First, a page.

We are doing our best with our trade laws, and this year some critical trade determinations will be made. The Department of Commerce has already preliminarily imposed 226 percent tariffs on cold-rolled steel from China and 236 percent tariffs on hot-rolled steel from China, and I and other members of the Congressional Steel Caucus will be active in testifying when these cases are before the International Trade Commission beginning this May. Congress has also passed laws within the past year to improve the ability of the International Trade Commission to accurately and timely make trade determinations and improve the ability of the Customs and Border Protection Agency to investigate those who attempt to circumvent our trade laws and duties at the border. The Congressional Steel Caucus will be active this year in making sure that these new tools and authorities are fully utilized by the Administration.
We are making progress, but we have more work to do. Steel production is the foundation of the economy of Northwest Indiana. It is the foundation of our aircraft carriers. It is the foundation of our national defense. Using American steel on our military aircraft carriers, our tanks, our submarines, and our military vehicles, is not just the right thing to do with American-taxpayer dollars. It is the right thing to do to preserve the economic security and the national security of all Americans.
As we move forward in crafting a Department of Defense Appropriations bill for Fiscal Year 2017, you have my assurance that I will do everything possible to make the investments appropriate to ensure our manufacturing suppliers and capabilities remain here in communities across the United States and, just as importantly, that we get our work done on time.
At this point, I believe the Defense Subcommittee will be able to do its work and be allowed to make the difficult and deliberate decisions needed to prioritize the resources available to strengthen our defense posture and minimize the risk to our nation and those in uniform.
However, you in this room know the value of consistency and predictability. Unfortunately, over the last six fiscal years, Congress has not provided consistency or predictability. I deeply regret the institution’s track record. It pains me to think about how much less efficient the Department of Defense has been over the last six fiscal years, as it has been forced to carry out our national defense strategy in an increasingly unstable security environment, all while navigating the unpredictability of sequestration, a government shutdown, vacillating budget caps, continuing resolutions, and appropriations that arrive well into the fiscal year. During the past six fiscal years, the dates that the Defense Appropriations measure has been signed into law range from December 15 to April 15. Our year starts on October 1.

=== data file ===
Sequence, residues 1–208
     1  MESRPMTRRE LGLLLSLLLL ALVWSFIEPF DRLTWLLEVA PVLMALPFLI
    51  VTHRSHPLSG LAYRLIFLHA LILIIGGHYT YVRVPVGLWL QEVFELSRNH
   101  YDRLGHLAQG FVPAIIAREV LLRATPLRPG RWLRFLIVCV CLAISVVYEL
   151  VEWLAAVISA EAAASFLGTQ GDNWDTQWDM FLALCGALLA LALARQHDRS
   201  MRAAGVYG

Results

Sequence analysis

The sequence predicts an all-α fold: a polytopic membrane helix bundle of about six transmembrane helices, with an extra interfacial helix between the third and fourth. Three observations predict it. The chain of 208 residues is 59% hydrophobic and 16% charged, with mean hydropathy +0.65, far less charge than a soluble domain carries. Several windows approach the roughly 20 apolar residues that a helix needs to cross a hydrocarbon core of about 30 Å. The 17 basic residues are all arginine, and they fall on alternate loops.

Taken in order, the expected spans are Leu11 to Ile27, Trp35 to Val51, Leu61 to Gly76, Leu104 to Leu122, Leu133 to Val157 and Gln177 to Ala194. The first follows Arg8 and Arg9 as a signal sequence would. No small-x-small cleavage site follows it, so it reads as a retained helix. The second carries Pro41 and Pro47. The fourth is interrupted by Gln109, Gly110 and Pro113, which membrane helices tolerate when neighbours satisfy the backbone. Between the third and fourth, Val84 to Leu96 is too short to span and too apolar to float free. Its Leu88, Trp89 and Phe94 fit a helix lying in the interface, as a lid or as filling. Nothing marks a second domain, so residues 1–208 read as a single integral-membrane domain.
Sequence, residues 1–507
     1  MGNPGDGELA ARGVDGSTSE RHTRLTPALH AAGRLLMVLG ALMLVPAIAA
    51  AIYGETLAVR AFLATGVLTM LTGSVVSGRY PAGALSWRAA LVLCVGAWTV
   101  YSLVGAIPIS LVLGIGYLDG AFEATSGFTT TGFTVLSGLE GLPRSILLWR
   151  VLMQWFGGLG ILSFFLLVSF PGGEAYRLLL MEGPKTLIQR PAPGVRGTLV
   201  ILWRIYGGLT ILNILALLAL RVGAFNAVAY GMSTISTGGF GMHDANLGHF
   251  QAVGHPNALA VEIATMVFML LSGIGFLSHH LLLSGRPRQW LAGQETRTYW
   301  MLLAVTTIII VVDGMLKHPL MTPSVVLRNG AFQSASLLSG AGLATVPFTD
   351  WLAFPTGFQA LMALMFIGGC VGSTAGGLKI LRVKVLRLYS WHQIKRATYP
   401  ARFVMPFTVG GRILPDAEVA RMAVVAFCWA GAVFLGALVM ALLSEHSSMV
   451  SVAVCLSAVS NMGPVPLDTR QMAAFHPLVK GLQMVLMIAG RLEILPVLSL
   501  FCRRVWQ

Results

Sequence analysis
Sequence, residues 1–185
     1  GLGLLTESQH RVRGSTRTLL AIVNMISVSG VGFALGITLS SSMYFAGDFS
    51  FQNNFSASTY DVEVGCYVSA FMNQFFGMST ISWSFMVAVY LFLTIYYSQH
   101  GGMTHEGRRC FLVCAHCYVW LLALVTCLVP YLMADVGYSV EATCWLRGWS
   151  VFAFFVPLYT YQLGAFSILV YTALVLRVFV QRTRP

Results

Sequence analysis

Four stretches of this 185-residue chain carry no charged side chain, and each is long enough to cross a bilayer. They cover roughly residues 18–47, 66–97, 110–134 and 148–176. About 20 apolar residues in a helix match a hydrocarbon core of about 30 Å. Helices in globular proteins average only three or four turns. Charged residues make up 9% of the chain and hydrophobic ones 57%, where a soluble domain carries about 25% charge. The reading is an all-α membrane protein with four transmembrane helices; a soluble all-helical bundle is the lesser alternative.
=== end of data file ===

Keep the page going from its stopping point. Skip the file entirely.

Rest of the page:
For Fiscal Year 2017, Member of Congress requests are due to the Defense Subcommittee tomorrow. We then have every intention of moving through Subcommittee markup, full Committee markup, and House floor consideration prior to the Memorial Day recess. This will allow time us to conference with the Senate approved measure and approve the conference report before the new fiscal year begins on October 1, 2016.
Unfortunately, events outside of our Committee’s control, such as elections or a vacancy in another branch of the government, may impact this timeline. But you have my assurance that I will do everything possible to have decisions made before the new Fiscal Year. I and all of the other Members of Congress were elected to make decisions. We were elected to do a job. I intend to see that we do our job of funding the government and the Department of Defense in a timely manner.
In conclusion, I again thank the Aircraft Carrier Industrial Base Council for the opportunity to speak tonight. I also want to thank all of you for taking the time to come to Washington, D.C., to tell your respective Members of Congress about the great value of your work and how we all must continue to work together every day to preserve our ability of our industrial base to continue to make things in our country.